A federal judge ordered an Alabama sheriff locked up in his own jail Wednesday after holding him in contempt for failing to adequately feed inmates while profiting from the skimpy meals.
U.S. District Judge U.W. Clemon had court security arrest Morgan County Sheriff Greg Bartlett after dramatic testimony from skinny prisoners about paper-thin bologna and cold grits. The hearing offered a rare look into Alabama's unusual practice of letting sheriffs pocket money left over from feeding inmates.
The sheriff, who showed no emotion when his arrest was ordered, had testified that he legally kept as personal income about $212,000 over three years with surplus meal money but denied that inmates were improperly fed.
Clemon, however, said the sheriff would be jailed until he comes up with a plan to provide the 300 jail inmates with nutritionally adequate meals, as required by a 2001 court order.
Defense attorney Donald Rhead said Wednesday night that he faxed Clemon a proposal and hopes Bartlett will be quickly released. The sheriff had no comment as he was led from the courtroom.
Clemon said the Alabama law allowing sheriffs to take home surplus meal money is "probably unconstitutional," but his ruling was limited to the finding that the court order was violated. It didn't address whether the law should be overturned.
"He makes money by failing to spend the allocated funds for food for inmates," Clemon said.
An attorney representing the inmates, Melanie Velez of the Southern Center for Human Rights in Atlanta, called Clemon's order to take the sheriff into custody "extraordinary." She said she was shocked to learn how much meal money Bartlett was taking home.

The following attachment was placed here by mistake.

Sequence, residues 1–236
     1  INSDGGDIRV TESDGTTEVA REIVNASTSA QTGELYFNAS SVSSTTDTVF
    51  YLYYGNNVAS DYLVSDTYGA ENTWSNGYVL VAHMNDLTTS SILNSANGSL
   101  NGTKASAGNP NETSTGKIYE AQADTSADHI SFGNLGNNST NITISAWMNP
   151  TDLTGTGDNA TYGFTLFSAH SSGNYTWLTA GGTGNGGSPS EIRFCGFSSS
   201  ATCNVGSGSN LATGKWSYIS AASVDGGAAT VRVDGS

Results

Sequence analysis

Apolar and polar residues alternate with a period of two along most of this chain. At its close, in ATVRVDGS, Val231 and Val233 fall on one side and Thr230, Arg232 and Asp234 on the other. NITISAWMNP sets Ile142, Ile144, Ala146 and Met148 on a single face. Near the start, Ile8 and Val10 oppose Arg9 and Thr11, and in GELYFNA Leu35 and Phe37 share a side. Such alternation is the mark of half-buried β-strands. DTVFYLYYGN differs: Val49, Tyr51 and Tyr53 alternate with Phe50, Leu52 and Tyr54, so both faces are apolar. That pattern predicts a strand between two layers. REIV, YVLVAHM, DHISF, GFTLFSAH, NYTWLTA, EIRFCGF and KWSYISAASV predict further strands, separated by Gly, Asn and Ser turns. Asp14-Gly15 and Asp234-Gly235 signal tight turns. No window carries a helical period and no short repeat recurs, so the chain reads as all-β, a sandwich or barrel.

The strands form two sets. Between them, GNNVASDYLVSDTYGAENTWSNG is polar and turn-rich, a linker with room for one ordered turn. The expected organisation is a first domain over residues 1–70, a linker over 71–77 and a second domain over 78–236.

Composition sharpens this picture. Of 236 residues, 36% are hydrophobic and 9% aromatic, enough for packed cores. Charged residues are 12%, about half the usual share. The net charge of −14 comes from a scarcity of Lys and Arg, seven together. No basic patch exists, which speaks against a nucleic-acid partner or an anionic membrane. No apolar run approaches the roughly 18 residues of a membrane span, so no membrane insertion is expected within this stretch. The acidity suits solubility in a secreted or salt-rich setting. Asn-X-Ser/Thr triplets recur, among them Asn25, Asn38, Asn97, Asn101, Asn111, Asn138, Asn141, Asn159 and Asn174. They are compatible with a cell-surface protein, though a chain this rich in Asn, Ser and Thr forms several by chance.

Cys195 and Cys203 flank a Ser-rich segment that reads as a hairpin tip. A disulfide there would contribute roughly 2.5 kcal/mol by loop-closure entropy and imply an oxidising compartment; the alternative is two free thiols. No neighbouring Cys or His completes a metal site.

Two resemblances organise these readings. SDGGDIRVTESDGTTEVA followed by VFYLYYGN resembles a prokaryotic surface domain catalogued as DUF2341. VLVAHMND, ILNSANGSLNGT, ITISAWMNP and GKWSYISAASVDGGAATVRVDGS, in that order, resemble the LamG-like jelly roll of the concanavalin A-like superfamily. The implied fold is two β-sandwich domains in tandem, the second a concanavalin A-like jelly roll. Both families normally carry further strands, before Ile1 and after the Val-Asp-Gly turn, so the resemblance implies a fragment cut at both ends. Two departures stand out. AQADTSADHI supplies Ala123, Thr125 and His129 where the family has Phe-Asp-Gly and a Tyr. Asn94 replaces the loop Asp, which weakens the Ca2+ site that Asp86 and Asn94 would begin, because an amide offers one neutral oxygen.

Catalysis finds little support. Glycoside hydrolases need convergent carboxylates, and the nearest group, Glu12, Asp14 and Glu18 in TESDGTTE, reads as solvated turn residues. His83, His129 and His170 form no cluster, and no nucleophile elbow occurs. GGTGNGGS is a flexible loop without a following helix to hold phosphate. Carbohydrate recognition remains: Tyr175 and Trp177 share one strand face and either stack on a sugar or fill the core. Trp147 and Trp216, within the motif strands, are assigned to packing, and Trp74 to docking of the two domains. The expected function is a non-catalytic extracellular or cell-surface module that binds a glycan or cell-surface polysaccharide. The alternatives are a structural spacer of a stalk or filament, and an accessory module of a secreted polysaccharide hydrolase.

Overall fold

Sheriffs in 55 of Alabama's 67 counties operate under the system allowing them to make money operating their jail kitchens. The law pays sheriffs $1.75 a day for each prisoner they house and lets the elected officers pocket any profit they can generate.
The law doesn't require the leftover money to be spent at the jail or within the department; sheriffs can keep it as personal income. They historically have provided little information about profits under the practice that dates back to the Depression.
At the hearing, 10 prisoners told Clemon meals are so small that they're forced to buy snacks from a for-profit store the jailers operate. Most of the inmates appeared thin, with baggy jail coveralls hanging off their frames.
Some testified they spent hundreds of dollars a month at the store, which Bartlett said generates profits used for training and equipment.
Inmates told of getting half an egg, a spoonful of oatmeal and one piece of toast most days at their 3 a.m. daily breakfast. Lunch is usually a handful of chips and two sandwiches with barely enough peanut butter to taste.
"It looks like it was sprayed on with an aerosol can," testified Demetrius Hines, adding he's lost at least 35 pounds in five months since his arrest on drug charges.
Most prisoners said they supplement the meals by spending $20 a week or more on chips, oatmeal pies and other junk food at the jailhouse store.
But Sheriff Bartlett testified that he monitors the jail kitchen and occasionally eats there. He said he's certain he's meeting nutrition requirements under the settlement of a federal lawsuit regarding conditions at the jail.
Two nutritionists testifying on behalf of the sheriff said the jailhouse menu was proper, and they said some prisoners gain weight in jail.
Bartlett said he made about $95,000 last year feeding inmates after also receiving money from the county and the U.S. government for housing federal prisoners. Despite rising food costs, Bartlett said he made a $62,000 profit in 2007 and $55,000 in 2006.
Bartlett said he uses donations and special deals to make money. As an example, Bartlett said he and a neighboring sheriff recently split the $1,000 cost for an 18-wheeler full of corn dogs.
Prisoners testified they ate corn dogs twice a day for weeks.
Prisoners said they are almost always hungry after meals in the Morgan County jail, but the head of the Alabama Sheriff's Association said such a complaint is common around the state.
"You're never going to be able to satisfy them," said Bobby Timmons, the executive director of the association.
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